Both Challengers still have a ways to go to handle as well the more track-focused versions of the Mustang or Camaro, or at least the ones I last drove (it’s been a while).

Just like you could with the Demon, there is a rear-seat delete option for both the Redeye and Scat Pack.

After driving out to the track in a Redeye, I wheeled back to the hotel in a Scat Pack with the six-speed manual – the same car I used for some of the photos you see here. The six-speed remains bulky and notchy yet accurate, with a slightly heavy clutch. That’s unchanged from before.

“Unchanged from before” describes a lot of the Challenger experience. You’ll notice I didn’t bother with interior photos – that’s because it’s mostly the same, with some minor badging and trim differences/changes. The most noticeable difference is the hood – the Redeye has the double hood-scoop look, while the Scat Pack borrows the hood from the previous Hellcat. You know, the aluminum one with the single hood scoop and the heat extractors.

That doesn’t mean there aren’t subtle changes. The basic Hellcat has standard houndstooth cloth seats and several leather and alcantara seat options, and it also has a 200-mph speedometer and flat-bottomed steering wheel. Pop for the Redeye and you get a 220-mph speedometer and Redeye logos appear in key places (such as the key fob itself).

The Hellcat, Hellcat Redeye, and Scat Pack come standard with the usual array of performance drive modes, launch control, line lock, performance pages, and launch assist. Other available features listed on the Monroneys of one or both cars I drove included forward-collision warning, blind-spot monitoring with rear cross-path detection, satellite radio, sunroof, premium audio, Apple CarPlay, Android Auto, heated front seats, heated and cooled front seats, navigation, Fiat Chrysler’s UConnect infotainment system, USB port, Bluetooth, and power tilt/telescope steering wheel.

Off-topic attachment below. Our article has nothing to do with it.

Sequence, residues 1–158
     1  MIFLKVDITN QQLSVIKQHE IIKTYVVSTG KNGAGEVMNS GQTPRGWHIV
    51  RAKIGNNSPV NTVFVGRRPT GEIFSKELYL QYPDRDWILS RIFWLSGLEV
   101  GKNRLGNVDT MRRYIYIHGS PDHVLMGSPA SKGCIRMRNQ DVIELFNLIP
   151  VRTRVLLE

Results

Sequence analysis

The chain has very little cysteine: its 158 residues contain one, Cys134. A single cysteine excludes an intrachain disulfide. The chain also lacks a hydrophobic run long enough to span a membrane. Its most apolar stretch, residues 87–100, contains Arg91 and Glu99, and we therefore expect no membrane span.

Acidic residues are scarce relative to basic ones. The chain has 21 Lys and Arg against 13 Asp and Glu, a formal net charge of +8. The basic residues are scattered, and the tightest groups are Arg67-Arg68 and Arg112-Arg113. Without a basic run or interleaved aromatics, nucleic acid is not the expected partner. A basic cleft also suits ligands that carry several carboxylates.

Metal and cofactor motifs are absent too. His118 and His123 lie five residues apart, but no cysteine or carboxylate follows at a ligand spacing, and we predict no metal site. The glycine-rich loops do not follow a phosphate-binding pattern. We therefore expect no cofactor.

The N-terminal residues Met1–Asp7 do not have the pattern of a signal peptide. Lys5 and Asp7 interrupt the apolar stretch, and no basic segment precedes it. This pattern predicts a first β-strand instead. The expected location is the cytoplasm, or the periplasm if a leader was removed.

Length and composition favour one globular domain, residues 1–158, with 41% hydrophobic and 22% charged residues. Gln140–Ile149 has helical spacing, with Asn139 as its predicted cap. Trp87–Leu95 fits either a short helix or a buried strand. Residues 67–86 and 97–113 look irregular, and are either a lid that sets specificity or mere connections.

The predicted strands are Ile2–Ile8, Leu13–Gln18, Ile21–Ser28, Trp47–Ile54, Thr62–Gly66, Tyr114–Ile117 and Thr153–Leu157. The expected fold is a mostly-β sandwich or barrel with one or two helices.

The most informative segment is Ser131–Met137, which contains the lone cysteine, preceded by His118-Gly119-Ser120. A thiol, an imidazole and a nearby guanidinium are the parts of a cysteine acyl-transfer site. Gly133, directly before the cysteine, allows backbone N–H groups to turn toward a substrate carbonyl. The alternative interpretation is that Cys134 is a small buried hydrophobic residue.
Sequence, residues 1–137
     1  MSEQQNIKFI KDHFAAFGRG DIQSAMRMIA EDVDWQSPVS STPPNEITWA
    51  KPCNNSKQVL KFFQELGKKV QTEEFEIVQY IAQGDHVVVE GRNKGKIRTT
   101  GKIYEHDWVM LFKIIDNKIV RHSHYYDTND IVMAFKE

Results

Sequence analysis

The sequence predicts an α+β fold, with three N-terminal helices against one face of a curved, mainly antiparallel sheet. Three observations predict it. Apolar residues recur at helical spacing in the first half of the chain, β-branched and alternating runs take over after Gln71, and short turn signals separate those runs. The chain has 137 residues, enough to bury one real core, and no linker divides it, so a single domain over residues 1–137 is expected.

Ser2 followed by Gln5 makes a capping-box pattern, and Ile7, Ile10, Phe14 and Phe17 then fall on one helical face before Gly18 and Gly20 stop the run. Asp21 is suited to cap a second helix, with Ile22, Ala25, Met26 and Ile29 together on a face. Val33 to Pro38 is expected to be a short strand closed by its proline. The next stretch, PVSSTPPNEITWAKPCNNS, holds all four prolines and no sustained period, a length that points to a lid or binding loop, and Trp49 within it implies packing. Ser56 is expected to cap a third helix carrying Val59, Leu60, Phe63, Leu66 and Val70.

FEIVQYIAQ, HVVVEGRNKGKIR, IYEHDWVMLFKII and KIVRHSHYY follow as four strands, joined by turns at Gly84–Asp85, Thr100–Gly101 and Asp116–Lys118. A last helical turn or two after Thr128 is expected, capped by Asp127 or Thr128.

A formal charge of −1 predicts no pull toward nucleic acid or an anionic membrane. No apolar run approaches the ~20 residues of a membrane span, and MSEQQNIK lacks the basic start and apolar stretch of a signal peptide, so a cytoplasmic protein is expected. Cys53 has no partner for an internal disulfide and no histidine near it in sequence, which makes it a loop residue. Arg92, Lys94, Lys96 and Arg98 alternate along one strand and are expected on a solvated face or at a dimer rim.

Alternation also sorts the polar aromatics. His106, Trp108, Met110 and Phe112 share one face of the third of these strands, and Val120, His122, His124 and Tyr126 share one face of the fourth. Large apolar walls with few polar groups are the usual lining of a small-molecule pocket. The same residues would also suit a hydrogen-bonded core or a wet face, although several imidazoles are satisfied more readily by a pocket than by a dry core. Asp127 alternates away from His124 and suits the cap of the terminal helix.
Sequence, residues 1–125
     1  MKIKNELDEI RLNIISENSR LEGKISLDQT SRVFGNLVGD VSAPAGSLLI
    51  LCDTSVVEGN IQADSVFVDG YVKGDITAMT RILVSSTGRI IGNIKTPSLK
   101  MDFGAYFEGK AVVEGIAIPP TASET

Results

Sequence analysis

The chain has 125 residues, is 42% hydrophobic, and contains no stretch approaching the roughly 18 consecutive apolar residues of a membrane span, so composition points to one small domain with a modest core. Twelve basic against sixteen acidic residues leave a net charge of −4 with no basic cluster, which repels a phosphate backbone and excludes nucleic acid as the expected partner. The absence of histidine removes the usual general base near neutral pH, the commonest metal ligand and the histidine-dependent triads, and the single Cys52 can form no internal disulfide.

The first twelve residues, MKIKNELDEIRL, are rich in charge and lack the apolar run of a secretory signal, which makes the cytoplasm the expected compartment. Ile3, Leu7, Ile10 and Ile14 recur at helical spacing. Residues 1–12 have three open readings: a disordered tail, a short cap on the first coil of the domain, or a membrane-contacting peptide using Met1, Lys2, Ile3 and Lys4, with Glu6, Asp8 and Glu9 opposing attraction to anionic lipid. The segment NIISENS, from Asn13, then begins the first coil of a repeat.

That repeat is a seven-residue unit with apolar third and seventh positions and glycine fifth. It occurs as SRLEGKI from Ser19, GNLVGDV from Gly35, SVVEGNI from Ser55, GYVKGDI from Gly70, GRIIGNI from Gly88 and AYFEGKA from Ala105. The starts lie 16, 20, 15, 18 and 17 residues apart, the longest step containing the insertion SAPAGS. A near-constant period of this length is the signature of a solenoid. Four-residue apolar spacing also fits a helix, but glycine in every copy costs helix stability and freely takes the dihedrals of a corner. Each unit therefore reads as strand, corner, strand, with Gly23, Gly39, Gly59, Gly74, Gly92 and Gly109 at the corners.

The stick-shift Scat Pack I drove rang the register at $55,550 (including $1,395 destination and delivery) and the Redeye cost $89,405 including the same destination fee. The Widebody package on each car was $6,000, and selecting the package that turns a Hellcat into a Redeye costs $11,000.

Lest we forget that there are other Challengers in the lineup, the SXT and GT models with rear-wheel drive get a performance suspension and “enhanced” steering, plus the houndstooth cloth seats, a new hood and front splitter, and 20-inch wheels.

There’s also the drag-race oriented Scat Pack 1320 model, which basically uses the drag bits from the Demon while keeping the Scat Pack engine. It only comes with one seat – the passenger seat and rear seat are available as $1 options.

Base pricing across the board works as follows (excluding destination): $27,295 for the SXT, $29,995 for the GT, $30,295 for the SXT AWD, $32,995 for the GT AWD, $34,100 for the R/T, $38,995 for the R/T Scat Pack (the 1320 is a $3,995 package and automatic-transmission-only), $58,650 for the Hellcat, and $69,650 for the Hellcat Redeye. All models have a $1,395 destination and delivery fee, and the manual-trans Scat Pack and both Hellcats get whacked with a gas-guzzler tax: $1,000 on the Scat Pack and $1,700 on the Hellcats.